Biography of Sunita Williams:

Sunita Williams is an American astronaut and United States Navy officer of Indian-Slovenian descent. She is best known for her time aboard the International Space Station (ISS) and her multiple spacewalks. 
Here’s an overview of her life and achievements:

Early Life and Education:

Birth: Sunita Pandya Williams was born on September 19, 1965, in Euclid, Ohio, United States.
Naval Career: Williams joined the United States Navy in 1987 and became a helicopter pilot, eventually earning the rank of captain.
Early Life and Education - NASA Career - Spacewalks and Achievements - Personal Life and Honors to Sunita Williams
Biography of Sunita Williams

Sunita Williams’s NASA Career:

Selection as an Astronaut: Williams was selected as an astronaut candidate by NASA in 1998. She completed her training and became an astronaut in 2000.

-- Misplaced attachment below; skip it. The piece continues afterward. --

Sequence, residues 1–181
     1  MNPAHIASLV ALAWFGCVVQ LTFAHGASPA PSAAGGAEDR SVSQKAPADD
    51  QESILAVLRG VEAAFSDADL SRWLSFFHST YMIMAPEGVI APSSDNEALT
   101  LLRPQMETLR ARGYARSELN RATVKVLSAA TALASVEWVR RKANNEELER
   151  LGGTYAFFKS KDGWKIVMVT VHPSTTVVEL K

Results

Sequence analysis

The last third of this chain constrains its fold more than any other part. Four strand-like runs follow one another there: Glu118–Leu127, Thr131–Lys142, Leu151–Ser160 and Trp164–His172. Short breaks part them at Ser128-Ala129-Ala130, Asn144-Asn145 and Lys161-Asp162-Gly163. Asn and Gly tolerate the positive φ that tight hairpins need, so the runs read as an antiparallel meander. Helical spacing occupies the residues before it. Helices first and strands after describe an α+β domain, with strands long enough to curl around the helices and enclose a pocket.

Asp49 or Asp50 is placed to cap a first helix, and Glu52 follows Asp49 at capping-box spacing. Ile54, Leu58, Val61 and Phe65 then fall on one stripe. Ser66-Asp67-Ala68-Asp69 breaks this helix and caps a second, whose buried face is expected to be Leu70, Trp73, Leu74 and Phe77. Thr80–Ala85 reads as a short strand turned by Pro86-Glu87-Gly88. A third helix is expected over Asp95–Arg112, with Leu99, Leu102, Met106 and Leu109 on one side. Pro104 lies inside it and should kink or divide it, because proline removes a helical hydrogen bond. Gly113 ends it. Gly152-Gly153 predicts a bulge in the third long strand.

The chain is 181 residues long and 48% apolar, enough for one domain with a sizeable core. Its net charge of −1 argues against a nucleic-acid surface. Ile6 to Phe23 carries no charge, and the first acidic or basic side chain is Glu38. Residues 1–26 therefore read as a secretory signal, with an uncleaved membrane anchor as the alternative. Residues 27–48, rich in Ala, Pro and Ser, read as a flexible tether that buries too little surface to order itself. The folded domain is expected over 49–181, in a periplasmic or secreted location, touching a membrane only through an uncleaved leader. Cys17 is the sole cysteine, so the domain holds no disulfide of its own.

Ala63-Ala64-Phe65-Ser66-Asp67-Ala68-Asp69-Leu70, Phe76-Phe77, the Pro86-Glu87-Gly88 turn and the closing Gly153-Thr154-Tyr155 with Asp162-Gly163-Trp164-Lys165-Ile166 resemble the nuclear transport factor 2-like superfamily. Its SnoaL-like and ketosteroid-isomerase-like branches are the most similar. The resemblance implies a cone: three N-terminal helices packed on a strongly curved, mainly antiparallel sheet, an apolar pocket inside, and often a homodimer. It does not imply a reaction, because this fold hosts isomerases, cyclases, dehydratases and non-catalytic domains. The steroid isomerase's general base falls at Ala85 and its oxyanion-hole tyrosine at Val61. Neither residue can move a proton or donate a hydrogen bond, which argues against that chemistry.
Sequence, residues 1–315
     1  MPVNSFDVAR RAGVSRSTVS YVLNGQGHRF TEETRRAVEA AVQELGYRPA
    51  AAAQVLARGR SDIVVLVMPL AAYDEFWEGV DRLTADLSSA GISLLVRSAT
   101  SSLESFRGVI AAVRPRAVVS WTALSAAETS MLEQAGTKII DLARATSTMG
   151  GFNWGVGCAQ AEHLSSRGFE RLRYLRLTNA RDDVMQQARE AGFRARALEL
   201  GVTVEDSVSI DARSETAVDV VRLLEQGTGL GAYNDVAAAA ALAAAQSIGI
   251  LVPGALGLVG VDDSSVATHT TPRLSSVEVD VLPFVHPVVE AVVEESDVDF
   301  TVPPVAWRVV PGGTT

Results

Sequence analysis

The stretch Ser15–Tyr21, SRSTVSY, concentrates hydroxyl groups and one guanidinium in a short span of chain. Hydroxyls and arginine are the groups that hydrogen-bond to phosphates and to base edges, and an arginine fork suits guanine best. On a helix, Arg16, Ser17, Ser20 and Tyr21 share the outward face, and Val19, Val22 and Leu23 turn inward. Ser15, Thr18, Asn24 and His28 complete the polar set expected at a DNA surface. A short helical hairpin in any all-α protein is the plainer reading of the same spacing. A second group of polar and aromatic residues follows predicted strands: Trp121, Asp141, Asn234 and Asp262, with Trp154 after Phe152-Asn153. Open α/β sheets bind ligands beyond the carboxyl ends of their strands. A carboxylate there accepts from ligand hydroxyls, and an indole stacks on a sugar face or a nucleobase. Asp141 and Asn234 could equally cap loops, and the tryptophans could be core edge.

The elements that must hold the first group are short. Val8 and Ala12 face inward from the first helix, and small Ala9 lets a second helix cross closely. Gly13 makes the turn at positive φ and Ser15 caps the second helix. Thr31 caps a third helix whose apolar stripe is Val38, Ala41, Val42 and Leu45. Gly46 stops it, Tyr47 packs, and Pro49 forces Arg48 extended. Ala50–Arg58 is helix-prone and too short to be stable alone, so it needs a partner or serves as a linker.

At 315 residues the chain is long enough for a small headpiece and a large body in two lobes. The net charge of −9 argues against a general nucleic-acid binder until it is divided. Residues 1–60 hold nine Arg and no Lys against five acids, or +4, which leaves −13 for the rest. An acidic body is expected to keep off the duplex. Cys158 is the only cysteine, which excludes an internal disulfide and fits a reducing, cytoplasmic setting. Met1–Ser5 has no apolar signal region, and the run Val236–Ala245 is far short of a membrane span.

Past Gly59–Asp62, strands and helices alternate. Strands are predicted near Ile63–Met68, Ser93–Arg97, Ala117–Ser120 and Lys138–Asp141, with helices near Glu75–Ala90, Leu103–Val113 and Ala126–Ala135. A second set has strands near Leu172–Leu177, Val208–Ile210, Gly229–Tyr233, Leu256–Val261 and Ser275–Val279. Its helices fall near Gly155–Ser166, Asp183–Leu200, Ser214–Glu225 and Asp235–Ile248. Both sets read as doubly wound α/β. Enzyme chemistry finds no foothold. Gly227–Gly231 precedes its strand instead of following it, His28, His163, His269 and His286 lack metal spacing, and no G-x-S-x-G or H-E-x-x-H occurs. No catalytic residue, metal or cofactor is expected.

# Expedition 14/15: Williams’ first spaceflight was aboard the ISS as a flight engineer for Expeditions 14 and 15. She launched aboard the Space Shuttle Discovery (STS-116) in December 2006 and spent a total of 195 days in space.
  # Expedition 32/33: Williams’ second spaceflight began in July 2012 when she launched aboard the Soyuz TMA-05M spacecraft. During this mission, she served as a flight engineer for Expeditions 32 and 33, spending an additional 127 days aboard the ISS.

Spacewalks and Achievements:

Spacewalks: Williams conducted several spacewalks during her time on the ISS, making her one of the few women to have performed extravehicular activities (EVAs) in space.
Endurance Records: Throughout her spaceflights, Williams set various records, including the longest cumulative spacewalk time by a female astronaut and the longest spaceflight by a woman.

Personal Life and Honors to Sunita Williams:

Marriage: Williams is married to Michael J. Williams, a fellow Navy officer.
Awards and Honors: She has received numerous awards and honors for her contributions to space exploration and her service in the Navy.
Sunita Williams’ achievements in space have made her a role model, particularly for aspiring female astronauts. Her dedication to exploration and her contributions to scientific research aboard the ISS have had a lasting impact on space exploration efforts.